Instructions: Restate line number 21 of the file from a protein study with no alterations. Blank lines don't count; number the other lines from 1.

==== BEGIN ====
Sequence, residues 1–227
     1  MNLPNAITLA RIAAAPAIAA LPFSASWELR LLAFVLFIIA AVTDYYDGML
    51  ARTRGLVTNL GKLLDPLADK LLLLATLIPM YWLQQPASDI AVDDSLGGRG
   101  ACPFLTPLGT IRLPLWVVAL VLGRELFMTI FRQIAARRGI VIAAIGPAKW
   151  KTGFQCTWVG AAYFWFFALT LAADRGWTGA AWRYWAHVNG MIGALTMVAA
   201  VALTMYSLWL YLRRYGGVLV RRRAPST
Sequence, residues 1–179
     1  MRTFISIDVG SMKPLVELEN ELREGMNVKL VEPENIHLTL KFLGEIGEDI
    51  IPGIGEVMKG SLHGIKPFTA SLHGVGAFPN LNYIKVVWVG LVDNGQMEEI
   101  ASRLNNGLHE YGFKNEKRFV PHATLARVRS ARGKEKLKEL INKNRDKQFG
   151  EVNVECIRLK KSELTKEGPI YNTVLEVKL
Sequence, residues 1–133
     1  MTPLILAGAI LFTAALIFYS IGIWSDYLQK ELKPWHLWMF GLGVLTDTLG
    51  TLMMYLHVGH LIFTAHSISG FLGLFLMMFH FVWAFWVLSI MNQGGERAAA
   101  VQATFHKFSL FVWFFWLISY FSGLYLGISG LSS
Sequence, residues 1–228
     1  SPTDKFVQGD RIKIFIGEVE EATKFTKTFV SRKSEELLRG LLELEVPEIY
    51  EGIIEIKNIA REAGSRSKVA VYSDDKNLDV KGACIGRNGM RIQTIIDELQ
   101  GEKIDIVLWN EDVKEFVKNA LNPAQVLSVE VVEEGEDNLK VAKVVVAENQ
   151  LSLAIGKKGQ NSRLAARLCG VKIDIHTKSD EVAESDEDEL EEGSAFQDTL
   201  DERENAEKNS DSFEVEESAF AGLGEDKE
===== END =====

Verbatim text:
   201  DERENAEKNS DSFEVEESAF AGLGEDKE